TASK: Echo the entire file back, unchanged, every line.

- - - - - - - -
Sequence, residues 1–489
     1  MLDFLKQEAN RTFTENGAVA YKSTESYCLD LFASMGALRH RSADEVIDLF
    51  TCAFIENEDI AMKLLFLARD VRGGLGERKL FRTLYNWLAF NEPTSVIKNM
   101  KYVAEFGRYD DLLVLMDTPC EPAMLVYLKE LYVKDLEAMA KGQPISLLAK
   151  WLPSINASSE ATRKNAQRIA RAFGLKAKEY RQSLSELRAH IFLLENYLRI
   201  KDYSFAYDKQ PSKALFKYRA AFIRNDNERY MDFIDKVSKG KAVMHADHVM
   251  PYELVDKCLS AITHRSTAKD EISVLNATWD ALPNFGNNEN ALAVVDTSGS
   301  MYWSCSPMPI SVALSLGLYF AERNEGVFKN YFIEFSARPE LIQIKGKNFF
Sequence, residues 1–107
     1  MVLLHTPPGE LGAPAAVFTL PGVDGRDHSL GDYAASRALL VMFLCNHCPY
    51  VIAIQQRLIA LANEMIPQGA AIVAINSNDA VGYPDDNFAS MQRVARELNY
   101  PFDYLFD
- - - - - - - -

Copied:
Sequence, residues 1–489
     1  MLDFLKQEAN RTFTENGAVA YKSTESYCLD LFASMGALRH RSADEVIDLF
    51  TCAFIENEDI AMKLLFLARD VRGGLGERKL FRTLYNWLAF NEPTSVIKNM
   101  KYVAEFGRYD DLLVLMDTPC EPAMLVYLKE LYVKDLEAMA KGQPISLLAK
   151  WLPSINASSE ATRKNAQRIA RAFGLKAKEY RQSLSELRAH IFLLENYLRI
   201  KDYSFAYDKQ PSKALFKYRA AFIRNDNERY MDFIDKVSKG KAVMHADHVM
   251  PYELVDKCLS AITHRSTAKD EISVLNATWD ALPNFGNNEN ALAVVDTSGS
   301  MYWSCSPMPI SVALSLGLYF AERNEGVFKN YFIEFSARPE LIQIKGKNFF
Sequence, residues 1–107
     1  MVLLHTPPGE LGAPAAVFTL PGVDGRDHSL GDYAASRALL VMFLCNHCPY
    51  VIAIQQRLIA LANEMIPQGA AIVAINSNDA VGYPDDNFAS MQRVARELNY
   101  PFDYLFD